A vintage fruit crate inspired this project. A comparable wooden crate will work well. The garden tote design serves multiple uses: The open weave of the hardware cloth bottom allows you to rinse just-picked produce in the tote -- the water drains away readily. Turn the tote over and use it as a drying rack for herbs or seed heads.
Hardware cloth is galvanized wire mesh with 1/4- or 1/20-inch openings that's available in various-length rolls from home improvement stores. Wear heavy-duty gloves when working with hardware cloth to protect your skin.
Measure bottom of crate. Add 1 inch to the width and length (for a 3/4-inch overlap on each side), and use masking tape to mark dimensions on hardware cloth. Use metal snips to cut hardware cloth.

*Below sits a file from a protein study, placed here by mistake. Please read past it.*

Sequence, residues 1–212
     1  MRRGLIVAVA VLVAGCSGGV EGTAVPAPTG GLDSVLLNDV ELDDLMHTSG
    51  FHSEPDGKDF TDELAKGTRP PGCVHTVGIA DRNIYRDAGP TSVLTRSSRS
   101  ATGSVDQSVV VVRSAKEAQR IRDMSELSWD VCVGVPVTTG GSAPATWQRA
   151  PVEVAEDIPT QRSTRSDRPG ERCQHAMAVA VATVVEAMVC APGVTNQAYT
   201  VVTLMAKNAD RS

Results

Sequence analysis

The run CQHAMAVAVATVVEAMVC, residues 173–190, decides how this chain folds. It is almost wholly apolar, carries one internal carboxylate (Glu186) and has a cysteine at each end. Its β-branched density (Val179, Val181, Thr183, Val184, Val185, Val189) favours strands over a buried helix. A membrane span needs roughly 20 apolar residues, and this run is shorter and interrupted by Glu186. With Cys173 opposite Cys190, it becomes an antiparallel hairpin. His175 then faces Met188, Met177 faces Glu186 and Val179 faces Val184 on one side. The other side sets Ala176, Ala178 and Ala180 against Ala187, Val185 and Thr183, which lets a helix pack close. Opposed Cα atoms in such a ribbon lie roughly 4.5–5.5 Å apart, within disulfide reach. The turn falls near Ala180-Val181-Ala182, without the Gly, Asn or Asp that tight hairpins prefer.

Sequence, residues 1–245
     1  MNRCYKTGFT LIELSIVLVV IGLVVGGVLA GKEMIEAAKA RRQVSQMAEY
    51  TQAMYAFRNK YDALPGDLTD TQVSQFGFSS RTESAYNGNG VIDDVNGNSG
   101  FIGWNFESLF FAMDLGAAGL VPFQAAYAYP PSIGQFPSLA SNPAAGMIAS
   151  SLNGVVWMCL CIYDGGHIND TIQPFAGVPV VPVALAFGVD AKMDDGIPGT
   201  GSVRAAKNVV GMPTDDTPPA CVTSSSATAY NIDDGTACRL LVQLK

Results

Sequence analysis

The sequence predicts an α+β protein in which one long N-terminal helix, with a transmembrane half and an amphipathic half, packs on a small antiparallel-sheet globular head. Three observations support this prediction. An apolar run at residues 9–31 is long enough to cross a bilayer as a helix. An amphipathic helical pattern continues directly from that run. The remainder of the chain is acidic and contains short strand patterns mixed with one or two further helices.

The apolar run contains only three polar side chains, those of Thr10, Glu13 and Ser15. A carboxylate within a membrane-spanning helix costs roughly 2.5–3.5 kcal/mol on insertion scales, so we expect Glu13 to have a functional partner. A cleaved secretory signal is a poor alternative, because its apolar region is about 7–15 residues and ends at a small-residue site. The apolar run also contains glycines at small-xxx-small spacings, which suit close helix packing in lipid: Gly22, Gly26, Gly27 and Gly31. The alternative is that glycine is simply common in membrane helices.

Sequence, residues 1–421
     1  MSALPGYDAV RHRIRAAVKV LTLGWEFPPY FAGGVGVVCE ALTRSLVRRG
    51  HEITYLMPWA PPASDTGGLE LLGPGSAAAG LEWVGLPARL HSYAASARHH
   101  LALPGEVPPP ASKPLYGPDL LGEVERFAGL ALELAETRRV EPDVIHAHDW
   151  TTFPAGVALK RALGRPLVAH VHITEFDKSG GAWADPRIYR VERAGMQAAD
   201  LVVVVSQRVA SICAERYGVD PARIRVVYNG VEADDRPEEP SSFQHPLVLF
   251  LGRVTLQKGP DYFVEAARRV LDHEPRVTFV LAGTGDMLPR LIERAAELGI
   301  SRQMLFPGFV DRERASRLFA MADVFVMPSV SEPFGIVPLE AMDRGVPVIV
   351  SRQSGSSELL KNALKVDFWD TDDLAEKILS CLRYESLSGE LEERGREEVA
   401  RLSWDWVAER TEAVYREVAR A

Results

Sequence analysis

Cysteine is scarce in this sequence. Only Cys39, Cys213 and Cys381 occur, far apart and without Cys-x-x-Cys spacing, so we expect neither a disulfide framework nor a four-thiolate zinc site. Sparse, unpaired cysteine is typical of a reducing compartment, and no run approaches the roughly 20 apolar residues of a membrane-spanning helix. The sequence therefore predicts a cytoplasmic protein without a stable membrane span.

Use pry bar to carefully remove bottom boards of crate. Remove any remaining nails or staples using hammer or screwdriver. Use metal snips to cut lengths of screen/shelf edging to fit outer bottom edges of crate.
Fold down the four overlapping edges of mesh, fitting it snugly over bottom of crate. Cut away overlapped corners to ease and smooth the fit.
Position piece of precut edging in place on an overlapping edge of hardware cloth and nail to crate using 1/2- or 1-1/4-inch nails, depending on thickness of board. Repeat to edge bottom perimeter of crate.
Drill two wood screws through ends of each side board and into end boards to reinforce structure.
Apply a coat of stain/sealer to entire crate using a paintbrush. Let dry overnight. Apply second coat of stain/sealer; let dry. Attach a drawer pull to each end of tote.